Beyond African orality: digital preservation of Mandinka ʿAjamī archives of Casamance
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Citation (published version)Fallou Ngom, Eleni Castro. 2019. "Beyond African orality: Digital preservation of Mandinka ʿAjamī archives of Casamance." History Compass, https://doi.org/10.1111/hic3.12584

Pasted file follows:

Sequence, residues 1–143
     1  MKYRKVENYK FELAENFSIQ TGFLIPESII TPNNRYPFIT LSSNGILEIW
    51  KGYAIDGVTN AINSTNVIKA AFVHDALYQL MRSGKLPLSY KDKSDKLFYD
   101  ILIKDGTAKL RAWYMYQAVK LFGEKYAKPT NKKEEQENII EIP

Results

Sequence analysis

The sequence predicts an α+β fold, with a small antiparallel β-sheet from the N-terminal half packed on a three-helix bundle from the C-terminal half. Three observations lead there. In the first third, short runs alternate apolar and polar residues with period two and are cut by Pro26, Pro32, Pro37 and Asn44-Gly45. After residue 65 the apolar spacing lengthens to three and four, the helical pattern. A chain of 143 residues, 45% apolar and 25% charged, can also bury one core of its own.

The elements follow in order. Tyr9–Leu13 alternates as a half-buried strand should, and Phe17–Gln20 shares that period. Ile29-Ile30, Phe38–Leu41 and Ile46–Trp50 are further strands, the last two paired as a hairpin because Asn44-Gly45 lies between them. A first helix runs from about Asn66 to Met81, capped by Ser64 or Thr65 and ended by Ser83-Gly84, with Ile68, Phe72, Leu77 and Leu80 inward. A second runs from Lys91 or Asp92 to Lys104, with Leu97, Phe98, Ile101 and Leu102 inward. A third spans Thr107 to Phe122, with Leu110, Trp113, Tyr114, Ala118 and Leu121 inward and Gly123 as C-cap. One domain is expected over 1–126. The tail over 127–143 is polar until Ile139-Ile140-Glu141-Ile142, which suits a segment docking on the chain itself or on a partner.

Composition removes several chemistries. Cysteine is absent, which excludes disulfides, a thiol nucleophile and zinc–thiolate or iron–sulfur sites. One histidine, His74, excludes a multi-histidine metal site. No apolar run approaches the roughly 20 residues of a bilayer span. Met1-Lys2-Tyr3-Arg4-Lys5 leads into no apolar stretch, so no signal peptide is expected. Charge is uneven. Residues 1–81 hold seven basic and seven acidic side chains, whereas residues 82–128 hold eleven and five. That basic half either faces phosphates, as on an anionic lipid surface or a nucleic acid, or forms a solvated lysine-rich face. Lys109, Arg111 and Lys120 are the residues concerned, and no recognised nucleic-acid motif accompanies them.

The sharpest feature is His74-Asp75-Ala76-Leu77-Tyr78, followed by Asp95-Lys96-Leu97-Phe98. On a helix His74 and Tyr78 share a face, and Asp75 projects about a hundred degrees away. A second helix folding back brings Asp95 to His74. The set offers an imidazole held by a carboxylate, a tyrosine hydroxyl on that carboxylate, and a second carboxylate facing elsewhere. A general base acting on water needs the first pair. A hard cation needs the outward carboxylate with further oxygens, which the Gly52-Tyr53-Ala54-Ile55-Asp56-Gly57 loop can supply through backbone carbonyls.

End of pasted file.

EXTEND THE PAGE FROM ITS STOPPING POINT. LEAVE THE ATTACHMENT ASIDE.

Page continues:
This article focuses on the digital preservation of African sources written in Mandinka ʿAjamī, i.e. the enriched form of the Arabic script used to write the Mandinka language for centuries. ʿAjamī writing has been utilized to document intellectual traditions, histories, belief systems, and cultures of non-Arab Muslims around the world. ʿAjamī texts have played critical roles in the spread of Islam in Africa and continue to be used for both religious and non-religious writings. However, African ʿAjamī texts such as those of the Mandinka people of Casamance in southern Senegal are not well known beyond local communities. ʿAjamī texts in Mandinka and other Mande languages are among the least documented. Only a few Mande ʿAjamī texts are available to scholars. Thanks to the British Library’s Endangered Archives Programme (EAP), Africa’s rich written heritage in ʿAjamī and other scripts previously unavailable to academics is being preserved and made universally accessible.